In Thai “Jing jing” means “really true”, so for example “Aroy jing jing” means “that really is delicious!”.
The Tai Chi Newbie may jar a little when they are told that Gin is at the heart of Chinese internal martial arts. Others, typically with some background in Qigong, might say “oh yes, of course, Jing”. “Jin” is neither of those contexts, although the latter person may have been tripped up by the Wade-Giles Romanisation of Chinese, where Jin is actually spelt Jing, and Jing is spelt Ching. It all gets rather confusing. Better to stick with Pinyin!
Gin, of course, is an alcoholic beverage. Using Pinyin, “Jing” would translate as something akin to “essence”, including seminal essence. Jing here is one of the three treasures, which properly combined in Taoist alchemical process, enable us to become immortal and ascend to heaven (something of a contradiction in terms to most westerners – http://en.wikipedia.org/wiki/Taoism_and_death). The other two treasures are “Qi” (“Chi” in Wade-Giles) – “internal energy”, and “Shen” – “spirit/wisdom”.
“Jin” means something like “skill”, “competency”, or “force”, depending on the context. So we have “Ba Jin” – the “Eight Powers/Techniques”, well-known to all serious Tai Chi Chuan practitioners: Peng, Lu, Ji, An, Cai, Lie, Zhou, Kao. Jin is also referred to numerous times in the Tai Chi classics – for example, as the result of constant, repetitive, quality training: “a hundred times refined steel”. Funnily enough, I found another romanisation when googling this: “The mobilization of the chin is like refining steel a hundred times over.” (http://www.fourseasonstaichi.com/CLASSICS.html). Better to stick with Pinyin.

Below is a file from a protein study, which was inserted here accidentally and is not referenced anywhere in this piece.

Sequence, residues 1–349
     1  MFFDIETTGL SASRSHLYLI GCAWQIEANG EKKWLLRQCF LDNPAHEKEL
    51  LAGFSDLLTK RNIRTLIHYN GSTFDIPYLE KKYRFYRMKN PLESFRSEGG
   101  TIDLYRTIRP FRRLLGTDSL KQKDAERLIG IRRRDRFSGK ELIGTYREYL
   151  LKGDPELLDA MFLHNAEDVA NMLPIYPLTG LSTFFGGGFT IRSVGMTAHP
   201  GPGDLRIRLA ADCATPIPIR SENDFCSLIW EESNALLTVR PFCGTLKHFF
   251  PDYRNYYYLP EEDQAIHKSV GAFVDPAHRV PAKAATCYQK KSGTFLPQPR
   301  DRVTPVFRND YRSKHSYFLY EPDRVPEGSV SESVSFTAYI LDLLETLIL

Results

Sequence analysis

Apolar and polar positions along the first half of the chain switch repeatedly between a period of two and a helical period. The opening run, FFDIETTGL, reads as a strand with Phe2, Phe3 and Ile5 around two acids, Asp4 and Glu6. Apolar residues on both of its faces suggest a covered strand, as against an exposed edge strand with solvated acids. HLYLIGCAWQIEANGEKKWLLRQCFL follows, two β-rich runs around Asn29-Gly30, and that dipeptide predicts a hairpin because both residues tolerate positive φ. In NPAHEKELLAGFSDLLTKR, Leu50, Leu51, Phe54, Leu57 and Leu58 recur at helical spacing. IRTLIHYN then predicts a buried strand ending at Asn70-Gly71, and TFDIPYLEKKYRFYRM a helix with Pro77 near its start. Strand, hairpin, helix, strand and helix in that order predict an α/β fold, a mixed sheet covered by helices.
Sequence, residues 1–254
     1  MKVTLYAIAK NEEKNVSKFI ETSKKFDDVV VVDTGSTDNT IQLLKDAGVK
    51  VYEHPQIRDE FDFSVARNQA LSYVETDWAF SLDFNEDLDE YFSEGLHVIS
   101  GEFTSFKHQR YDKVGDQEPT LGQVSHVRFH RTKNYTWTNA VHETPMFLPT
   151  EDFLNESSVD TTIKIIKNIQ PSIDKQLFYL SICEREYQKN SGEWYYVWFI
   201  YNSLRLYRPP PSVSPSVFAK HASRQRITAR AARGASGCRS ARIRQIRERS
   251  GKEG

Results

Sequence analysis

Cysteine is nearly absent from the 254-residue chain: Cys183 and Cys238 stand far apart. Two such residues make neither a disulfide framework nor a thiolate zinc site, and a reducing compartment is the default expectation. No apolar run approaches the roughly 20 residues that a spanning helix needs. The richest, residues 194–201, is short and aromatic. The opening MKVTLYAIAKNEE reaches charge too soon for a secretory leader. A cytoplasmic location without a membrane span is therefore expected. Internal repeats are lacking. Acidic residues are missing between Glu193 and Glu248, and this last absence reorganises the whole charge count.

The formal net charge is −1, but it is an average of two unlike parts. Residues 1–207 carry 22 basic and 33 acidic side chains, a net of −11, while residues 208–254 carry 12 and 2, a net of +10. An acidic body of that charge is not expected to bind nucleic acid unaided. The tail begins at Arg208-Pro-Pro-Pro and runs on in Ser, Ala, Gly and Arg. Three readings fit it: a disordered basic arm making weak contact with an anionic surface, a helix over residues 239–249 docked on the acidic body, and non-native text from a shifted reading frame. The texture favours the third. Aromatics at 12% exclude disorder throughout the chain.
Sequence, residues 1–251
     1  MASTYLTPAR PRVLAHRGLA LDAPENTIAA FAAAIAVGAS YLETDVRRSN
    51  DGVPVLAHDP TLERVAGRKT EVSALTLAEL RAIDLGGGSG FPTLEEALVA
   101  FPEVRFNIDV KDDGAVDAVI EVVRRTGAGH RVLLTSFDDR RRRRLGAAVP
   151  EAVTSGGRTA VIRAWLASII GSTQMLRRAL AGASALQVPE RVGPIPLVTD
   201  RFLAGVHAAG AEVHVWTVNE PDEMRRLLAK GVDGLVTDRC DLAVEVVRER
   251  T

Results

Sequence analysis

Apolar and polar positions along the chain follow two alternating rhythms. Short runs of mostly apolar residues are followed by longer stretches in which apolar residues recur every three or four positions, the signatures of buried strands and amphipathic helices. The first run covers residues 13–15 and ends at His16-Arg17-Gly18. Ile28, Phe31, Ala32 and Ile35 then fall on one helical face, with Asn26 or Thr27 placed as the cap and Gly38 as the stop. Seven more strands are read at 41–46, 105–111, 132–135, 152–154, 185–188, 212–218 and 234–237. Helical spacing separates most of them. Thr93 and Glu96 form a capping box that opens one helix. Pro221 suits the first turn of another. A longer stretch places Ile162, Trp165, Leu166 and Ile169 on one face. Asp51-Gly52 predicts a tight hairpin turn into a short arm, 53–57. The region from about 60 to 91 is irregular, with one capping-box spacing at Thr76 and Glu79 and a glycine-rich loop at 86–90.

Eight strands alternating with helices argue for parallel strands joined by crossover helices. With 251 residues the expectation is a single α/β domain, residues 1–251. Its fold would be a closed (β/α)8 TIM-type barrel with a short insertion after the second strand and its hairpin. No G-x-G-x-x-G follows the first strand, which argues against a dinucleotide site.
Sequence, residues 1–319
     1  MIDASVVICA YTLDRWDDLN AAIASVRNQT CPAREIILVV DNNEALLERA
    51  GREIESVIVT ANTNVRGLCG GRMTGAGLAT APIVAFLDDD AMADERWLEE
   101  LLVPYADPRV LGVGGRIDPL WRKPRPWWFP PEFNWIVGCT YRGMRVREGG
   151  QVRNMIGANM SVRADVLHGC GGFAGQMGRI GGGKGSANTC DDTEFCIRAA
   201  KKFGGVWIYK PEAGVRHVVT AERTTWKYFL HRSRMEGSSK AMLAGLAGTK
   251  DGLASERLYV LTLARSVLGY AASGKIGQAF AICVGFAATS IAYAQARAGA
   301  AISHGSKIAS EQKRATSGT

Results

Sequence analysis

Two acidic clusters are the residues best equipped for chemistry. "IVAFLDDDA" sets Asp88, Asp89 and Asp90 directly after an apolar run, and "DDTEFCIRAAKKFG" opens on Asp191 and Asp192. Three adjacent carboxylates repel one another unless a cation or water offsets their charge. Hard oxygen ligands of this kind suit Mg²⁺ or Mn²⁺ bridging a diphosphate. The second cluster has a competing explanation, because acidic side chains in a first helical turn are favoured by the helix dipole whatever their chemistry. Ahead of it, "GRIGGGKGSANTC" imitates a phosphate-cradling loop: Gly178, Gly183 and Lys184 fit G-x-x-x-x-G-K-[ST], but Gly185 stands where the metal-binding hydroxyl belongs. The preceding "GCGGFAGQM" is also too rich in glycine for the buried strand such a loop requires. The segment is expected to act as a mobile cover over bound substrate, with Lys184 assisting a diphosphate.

Another place we find Jin widely discussed is in the theory of pushing hands, where we (at least) find “Ting Jin” (“Listening skill”), “Hua Jin” (“Diverting skill”) and “Fa Jin” (“Emitting/exploding skill”). If we master those three, then we may say that we have attained some “Dong Jin” (“Understanding Jin”).
As Tai Chi Chuan practitioners, concerned with the development of martial competency, we are not much interested in Gin or Jing, although at least one of those is important in life. Jin is a key concept in all internal martial arts, and is not unique to Tai Chi Chuan. It represents the developing, deep-seated skill that is the result of continuous training across a set of relevant exercises. In that respect, it is closely associated with “Gong” (“Kung” in Wade-Giles) which is the work by which we get it. So – go work on your Gong, and let your Jin develop – Jing Jing!!